Hongyi Zhao on Sun, 12 Mar 2023 02:07:49 +0100 |
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Re: Determine the mirror reflection relationship between the coordinates of two sets of pairs of points in n-dimension space. |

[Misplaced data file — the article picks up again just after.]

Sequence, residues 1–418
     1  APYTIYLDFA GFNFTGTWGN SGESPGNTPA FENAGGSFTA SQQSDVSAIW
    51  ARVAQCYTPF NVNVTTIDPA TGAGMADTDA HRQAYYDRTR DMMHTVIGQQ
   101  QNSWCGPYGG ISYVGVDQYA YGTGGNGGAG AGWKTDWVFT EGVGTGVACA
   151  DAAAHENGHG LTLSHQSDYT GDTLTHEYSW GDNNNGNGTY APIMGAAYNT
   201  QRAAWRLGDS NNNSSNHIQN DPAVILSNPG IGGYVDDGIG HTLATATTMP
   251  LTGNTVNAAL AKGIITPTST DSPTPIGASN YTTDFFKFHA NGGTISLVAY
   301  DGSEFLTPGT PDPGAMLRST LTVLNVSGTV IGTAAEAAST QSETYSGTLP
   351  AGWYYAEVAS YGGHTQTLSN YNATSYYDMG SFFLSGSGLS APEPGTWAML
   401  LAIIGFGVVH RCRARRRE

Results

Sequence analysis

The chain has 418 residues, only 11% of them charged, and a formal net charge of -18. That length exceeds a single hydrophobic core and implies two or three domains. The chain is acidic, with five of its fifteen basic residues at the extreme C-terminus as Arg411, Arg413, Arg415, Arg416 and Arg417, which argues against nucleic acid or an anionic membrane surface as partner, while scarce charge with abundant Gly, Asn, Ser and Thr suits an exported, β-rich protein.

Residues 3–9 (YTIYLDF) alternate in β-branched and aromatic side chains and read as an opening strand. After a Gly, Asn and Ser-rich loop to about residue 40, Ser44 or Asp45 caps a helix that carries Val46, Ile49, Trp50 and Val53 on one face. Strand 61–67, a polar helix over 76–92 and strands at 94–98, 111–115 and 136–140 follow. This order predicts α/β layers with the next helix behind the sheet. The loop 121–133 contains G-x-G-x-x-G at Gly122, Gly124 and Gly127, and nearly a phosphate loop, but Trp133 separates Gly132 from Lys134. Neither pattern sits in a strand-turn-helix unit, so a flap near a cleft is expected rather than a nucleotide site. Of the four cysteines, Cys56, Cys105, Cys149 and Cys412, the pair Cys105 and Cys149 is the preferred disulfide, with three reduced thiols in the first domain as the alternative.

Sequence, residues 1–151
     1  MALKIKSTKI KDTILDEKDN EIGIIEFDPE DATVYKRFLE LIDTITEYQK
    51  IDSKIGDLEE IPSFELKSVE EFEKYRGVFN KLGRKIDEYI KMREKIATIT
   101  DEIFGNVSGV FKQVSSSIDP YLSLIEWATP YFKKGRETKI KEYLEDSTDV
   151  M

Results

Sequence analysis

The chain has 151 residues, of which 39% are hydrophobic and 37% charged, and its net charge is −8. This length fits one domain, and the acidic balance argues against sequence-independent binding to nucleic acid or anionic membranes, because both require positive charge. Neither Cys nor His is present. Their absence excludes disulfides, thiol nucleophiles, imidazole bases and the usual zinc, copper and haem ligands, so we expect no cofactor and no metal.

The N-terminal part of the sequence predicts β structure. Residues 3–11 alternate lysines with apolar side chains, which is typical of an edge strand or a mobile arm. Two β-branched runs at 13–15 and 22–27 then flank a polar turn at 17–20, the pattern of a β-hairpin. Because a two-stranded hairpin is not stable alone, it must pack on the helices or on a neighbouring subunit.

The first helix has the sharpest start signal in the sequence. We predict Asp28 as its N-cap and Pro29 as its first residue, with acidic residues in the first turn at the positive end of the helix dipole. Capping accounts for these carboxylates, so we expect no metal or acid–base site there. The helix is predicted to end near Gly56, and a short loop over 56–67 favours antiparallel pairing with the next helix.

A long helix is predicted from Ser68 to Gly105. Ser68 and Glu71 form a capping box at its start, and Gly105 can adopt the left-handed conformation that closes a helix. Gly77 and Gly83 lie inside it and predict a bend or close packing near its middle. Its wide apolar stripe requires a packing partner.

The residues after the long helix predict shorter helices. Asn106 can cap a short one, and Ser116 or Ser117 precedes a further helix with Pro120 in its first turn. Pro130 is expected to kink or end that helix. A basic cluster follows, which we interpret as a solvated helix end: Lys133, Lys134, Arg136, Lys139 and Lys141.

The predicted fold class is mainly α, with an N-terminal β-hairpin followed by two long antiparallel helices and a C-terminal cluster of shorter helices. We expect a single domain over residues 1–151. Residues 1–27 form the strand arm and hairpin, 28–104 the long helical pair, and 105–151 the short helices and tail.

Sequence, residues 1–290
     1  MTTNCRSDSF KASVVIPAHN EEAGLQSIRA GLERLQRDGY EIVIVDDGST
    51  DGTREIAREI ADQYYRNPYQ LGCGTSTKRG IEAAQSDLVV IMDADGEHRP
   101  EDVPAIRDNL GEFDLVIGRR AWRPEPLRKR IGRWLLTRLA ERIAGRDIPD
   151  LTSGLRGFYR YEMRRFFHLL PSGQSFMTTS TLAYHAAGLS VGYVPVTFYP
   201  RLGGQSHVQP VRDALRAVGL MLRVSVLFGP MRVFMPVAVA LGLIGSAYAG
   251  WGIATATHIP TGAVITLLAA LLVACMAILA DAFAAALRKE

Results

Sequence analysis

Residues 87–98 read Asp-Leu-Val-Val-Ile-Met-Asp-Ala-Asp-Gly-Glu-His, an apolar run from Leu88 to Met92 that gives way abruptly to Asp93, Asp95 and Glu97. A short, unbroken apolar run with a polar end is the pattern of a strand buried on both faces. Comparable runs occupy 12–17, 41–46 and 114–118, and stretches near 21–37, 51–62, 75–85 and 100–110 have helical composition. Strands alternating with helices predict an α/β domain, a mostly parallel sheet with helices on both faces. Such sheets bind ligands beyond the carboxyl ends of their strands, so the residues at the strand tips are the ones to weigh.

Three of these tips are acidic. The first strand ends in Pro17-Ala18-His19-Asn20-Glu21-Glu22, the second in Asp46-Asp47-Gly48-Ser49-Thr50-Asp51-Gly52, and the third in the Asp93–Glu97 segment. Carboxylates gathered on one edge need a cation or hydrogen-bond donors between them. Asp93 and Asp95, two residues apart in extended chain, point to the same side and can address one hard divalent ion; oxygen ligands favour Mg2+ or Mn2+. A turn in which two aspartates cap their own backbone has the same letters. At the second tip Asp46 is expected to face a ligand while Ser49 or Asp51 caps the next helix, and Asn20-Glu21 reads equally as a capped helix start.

On Sat, Mar 11, 2023 at 11:32 PM Karim Belabas <Karim.Belabas@math.u-bordeaux.fr> wrote: > > Hi, > > Not sure what you mean by "mirror reflection transformation". If it's > an ordinary reflection s = s_H with respect to some hyperplane H then, Sorry for the unclear in my previous description. It seems your description above is exactly what I mean. More specifically, my goal is to find the relationship of parity transformation (also called parity inversion) [1] between two sets of points, as the examples shown in between a pair of enantiomorphic space groups [2]. > let v be a unit vector orthogonal to H, we have s(x) = x - 2 <x,v> v. > So s(x) - x should be proportional to a constant vector v, which is not > the case when you check the rows of A - B; for instance when you > renormalize > > C = A - B; > for (i=1,#C[,1], C[i,] /= C[i,1]) > > the matrix C should have all its rows (roughly) equal. > > (Since you write that your points are in 8-dimensional space and your > matrices are 7 x 8, I gather that you wrote the point coordinates as > rows, which is not the standard PARI convention. Anyway, considering > columns doesn't work either on you example.) In my previous example data, each point in 8-dimensional space is represented as a row vector. Now, I generated two new sets of point pairs, each consisting of 20 points represented as column vectors in an 8-dimensional space, as shown below: ? A=[6, 23, -5, 25, 22, 16, 25, -4, -22, 4, -20, 13, 10, -7, 9, 2, 19, 24, 0, -14; 0, 15, -1, -15, 4, 0, 1, 7, 4, -15, 11, -11, -12, -3, -19, -6, 10, 13, -2, 6; 23, 3, -22, 12, 10, 3, 24, 21, -20, 23, 6, 24, 10, -9, 4, 20, 5, 18, -24, 16; 17, -6, -15, 18, 10, -10, -2, 2, 8, -7, -24, 13, 7, -10, -21, -13, 9, -1, 24, 14; 25, 24, -19, -12, -16, -15, 5, 17, 23, -10, 25, 3, -15, 24, 25, 10, 8, 7, -5, -24; 21, -22, 14, 0, -10, -21, -5, 8, 9, -8, 7, 2, -2, -21, -15, -13, 16, -4, -21, 15; 22, -15, -4, -8, 7, -2, 11, -9, -6, -7, 1, 23, -25, -22, 9, 20, 18, 17, 4, 9; 17, -23, 11, 0, -15, -18, -21, 8, -14, 17, 2, 17, -9, 21, -17, 25, -13, -9, 17, 14]; ? B=[-7, 6, 9, 13, -20, 22, 25, 4, 0, -14, 19, 24, 2, 25, -5, 16, 10, 23, -4, -22; 103/51, -12, -215/17, -445/51, 469/51, 292/51, 47/51, -35/17, -38/51, 274/51, -98/51, 201/17, 126/17, -793/51, 55/17, 172/17, -568/51, 553/51, 29/51, -12; -587/51, 29, 14/17, 1166/51, 352/51, 466/51, 1226/51, 281/17, -1256/51, 832/51, 559/51, 316/17, 226/17, 626/51, -410/17, -35/17, 488/51, 259/51, 1235/51, -12; 2/51, -7, -141/17, 895/51, -1408/51, 686/51, -110/51, 321/17, 1352/51, 650/51, -757/51, -57/17, 235/17, 862/51, -111/17, 174/17, 445/51, -730/51, -554/51, -24; 536/17, 7, 587/17, 109/17, 379/17, -228/17, 83/17, 160/17, -53/17, -424/17, -168/17, 89/17, 512/17, -218/17, -215/17, 3/17, -233/17, 302/17, 125/17, -1; -559/51, -3, -39/17, 334/51, 173/51, -334/51, -263/51, 304/17, -943/51, 701/51, -400/51, -108/17, 235/17, -56/51, 382/17, -13/17, -14/51, -1546/51, -248/51, -23; -1250/51, 28, 99/17, 1115/51, 97/51, 313/51, 563/51, -229/17, 172/51, 475/51, 1222/51, 299/17, 226/17, -394/51, -104/17, -120/17, -1297/51, -659/51, -295/51, 2; 815/51, 29, -397/17, 751/51, 194/51, -853/51, -1067/51, 69/17, 803/51, 746/51, -55/51, -133/17, 197/17, 28/51, 115/17, -478/17, -503/51, -961/51, 736/51, 2]; Please check out and use the above two sets of point pairs in the future discussion. > If you meant something else, please be more specific. See my above further clarification. Thank you again for the help. [1] https://en.wikipedia.org/wiki/Parity_(physics) [2] http://www.aflowlib.org/prototype-encyclopedia/enantiomorph_info.html > Cheers, > > K.B. Best, Zhao > * Hongyi Zhao [2023-03-11 08:53]: > > Hi here, > > > > I've the following two sets of point pairs in a given dimensional of > > space, aka, 8 here, as follows: > > > > ? A=[-1.12014, -3.17998, -18.2911, 20.1524, -6.94559, -21.8148, > > 0.975253, 7.95121; 12.8475, -6.00645, 19.3356, 19.7475, -6.17003, > > -2.66469, 24.6888, 5.86053; -16.7258, -22.5862, 20.591, 9.54292, > > 18.5927, 21.9645, 20.892, 0.0563033; -17.2971, 5.16334, -16.3141, > > 5.35391, -10.307, -13.6297, 23.5236, 24.192; -11.0926, 6.0634, > > 19.4003, 21.6093, -1.37237, -21.7654, 4.35257, -3.1105; 11.2137, > > -20.5612, -3.41736, 19.6006, -1.13627, -6.21613, 11.5885, 15.2543; > > -13.4837, 8.02265, -11.4049, 23.3052, -19.5653, 3.19629, -10.814, > > -17.1669]; > > ? B=[-19.6192, -19.8916, 21.9217, 9.26674, 22.0351, 19.6121, 19.8591, > > 1.64306; 1.39387, -5.56517, 13.6578, 22.8011, -16.2283, -11.6133, > > 8.81048, -9.95819; -0.18953, 6.13486, 25.3313, 18.5031, 9.34097, > > -13.2645, 20.0343, 13.0102; -3.4197, -6.93323, 3.31249, 18.2038, > > 16.274, -18.1138, 6.36411, 23.2793; -3.91626, -0.57597, -17.0051, > > 19.8855, -3.61887, -24.0882, -0.0230154, 9.48462; -24.6641, 18.4349, > > -6.2631, 22.238, -6.2633, -5.89393, -14.8056, -11.0355; -12.9205, > > 1.0875, -18.3268, 5.77166, -15.5141, -10.0714, 25.0861, 21.7919]; > > > > I want to determine whether they are connetted by a mirror reflection > > transformation, and if so, identify such a transformation matrix > > connecting them. > > > > I wonder if PARI/GP can help to do the trick in this case. Any tips > > will be appreciated. > > > > Regards, > > Zhao > > -- > > Assoc. Prof. Hongsheng Zhao <hongyi.zhao@gmail.com> > > Theory and Simulation of Materials > > Hebei Vocational University of Technology and Engineering > > No. 473, Quannan West Street, Xindu District, Xingtai, Hebei province > > > > K.B. > -- > Pr Karim Belabas, U. Bordeaux, Vice-président en charge du Numérique > Institut de Mathématiques de Bordeaux UMR 5251 - (+33) 05 40 00 29 77 > http://www.math.u-bordeaux.fr/~kbelabas/ > `